Autism debate ‘the very antithesis of all that the NDIS stands for’

“Emily looks like any other child – that’s the ‘problem’ with Autism I suppose. There’s a sense that some people play on a diagnosis, but in reality there’s a whole lot of ignorance about it out there.”

West Pennant Hills parents, Louise and Mark Fogarty, know the value of early intervention, but in the midst of alarming headlines and spiking statistics, it’s clear that Autism has become something of a hot button for the NDIS.

Louise acknowledges that a lot of people know little more about the disorder than “what they’ve seen watching Rain Man”, yet suspect rorting of the system. The ‘invisibility’ of Autism and implied judgment, she says, can be just one more burden to bear.

“For my husband and I, Emily is our main priority and we love her dearly. But of course it puts a huge strain on your relationship,” Louise said.

“Structure is critical for Emily, which means that any changes cause additional and unnecessary anxiety. Everything has to be on the dot – 6pm dinner and that’s it. No room for delays or she’ll struggle. As I get older my patience is definitely wearing thin. While she’s wonderful with us, she can lose her cool when things don’t go her way, and it’s exhausting.

“We’ve had a lot of support throughout Emily’s life, but God we had to fight for it. Physio, speech therapy and a lot of occupational therapy – I don’t know where we’d be without it all.

“Now Emily is 26, in full-time supported employment and she attends numeracy and literacy classes through Endeavour Foundation. She’s doing pretty well for herself. In hindsight, I wouldn’t have worried so much – but back then I had no guarantees that she’d get the support that she needed. Because of those interventions, she’s come a long way.”

The Fogarty family’s battle is not unfamiliar. Though 20 years have passed since Emily was diagnosed, Autism remains one of ‘those’ conditions that seems to draw comment, speculation and even judgment.

References in recent months to ‘surging’ numbers and ‘blown out’ budgets have given way to insidious mentions of ‘mild symptoms’ and inferences of over-diagnosing, leaving the ground fertile for debates over a hierarchy of need. The very antithesis of all that the NDIS stands for.

Let’s assume instead that that our clinical understanding is now greater and that – with slowly growing comprehension – individuals and families feel more informed and empowered to reach out. Regardless of the reasoning, what gets lost in the middle is that need is need. Our challenges in life, of whatever nature, are personal – never truly comparable. To put it bluntly; your broken leg is no less painful because your neighbour’s house burned down, and your need for support and therapeutic intervention is no less because of the multitude of challenges faced by others.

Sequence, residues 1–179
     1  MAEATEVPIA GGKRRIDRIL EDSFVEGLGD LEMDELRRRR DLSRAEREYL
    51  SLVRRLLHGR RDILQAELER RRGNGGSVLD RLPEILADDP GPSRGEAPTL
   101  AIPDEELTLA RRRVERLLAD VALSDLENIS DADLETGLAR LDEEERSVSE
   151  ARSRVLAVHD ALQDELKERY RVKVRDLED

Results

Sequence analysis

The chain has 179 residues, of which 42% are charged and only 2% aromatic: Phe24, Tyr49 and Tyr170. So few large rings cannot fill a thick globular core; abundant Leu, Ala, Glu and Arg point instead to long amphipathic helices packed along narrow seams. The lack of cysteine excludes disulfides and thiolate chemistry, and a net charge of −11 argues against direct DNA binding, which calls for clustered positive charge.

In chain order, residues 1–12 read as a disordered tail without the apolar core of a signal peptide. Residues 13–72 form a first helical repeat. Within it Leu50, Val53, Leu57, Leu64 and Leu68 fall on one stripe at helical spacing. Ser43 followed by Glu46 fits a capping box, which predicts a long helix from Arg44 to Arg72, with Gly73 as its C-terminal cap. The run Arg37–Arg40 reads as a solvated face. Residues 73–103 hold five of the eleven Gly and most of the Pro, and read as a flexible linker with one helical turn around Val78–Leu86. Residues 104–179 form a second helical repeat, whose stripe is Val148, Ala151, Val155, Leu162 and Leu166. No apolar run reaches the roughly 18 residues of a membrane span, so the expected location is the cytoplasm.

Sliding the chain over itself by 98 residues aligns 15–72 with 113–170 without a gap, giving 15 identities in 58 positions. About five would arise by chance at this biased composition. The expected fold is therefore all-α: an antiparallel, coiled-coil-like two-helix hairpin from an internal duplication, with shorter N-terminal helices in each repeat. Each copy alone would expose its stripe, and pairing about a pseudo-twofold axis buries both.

Ultimately, tackling Autism through effective early intervention makes financial sense, because without it the lifetime cost of support services increases exponentially. But, more importantly, we’re talking about people here. Just people. Not numbers.

Individualised supports, in the case of an Autism diagnosis, are most effective when viewed as building blocks; foundations for an improved adult life which, tangentially, will decrease costs throughout adulthood. The next time mention is made of Autism rates exploding, remember that the numbers are people – people like Emily. People who at 5 years old were harangued by women in supermarkets for ‘meltdowns’ they couldn’t control.

As dad, Mark, says, the implementation of the National Disability Insurance Scheme at least promises a nationally consistent response to the issue.

“This is an incredibly important policy position, providing as it does a more proactive program that allows the person with a disability to take control of the sorts of services that might be needed to give them a full life. It’s a huge shift. Emily’s understanding of the NDIS is growing – she realises that it offers an opportunity to, with support, move along the pathway to greater independence. She’ll no longer be an end user, but instead a decider.

“Balance will be the key for the NDIS – ensuring realistic and efficient service provision against the allocated funding. It’s an ambitious program but, properly monitored and properly managed, it should be a prudent investment.”

With the NDIS clearly committed to remedying the sad, historical funding response a new challenge emerges. Our community must now nurture and embrace the rightful role people like Emily have in our society. And the clinical and service community must ensure that they are adequately skilled to deliver the supports people with Autism rightly deserve. In our new world, this must be the minimum standard.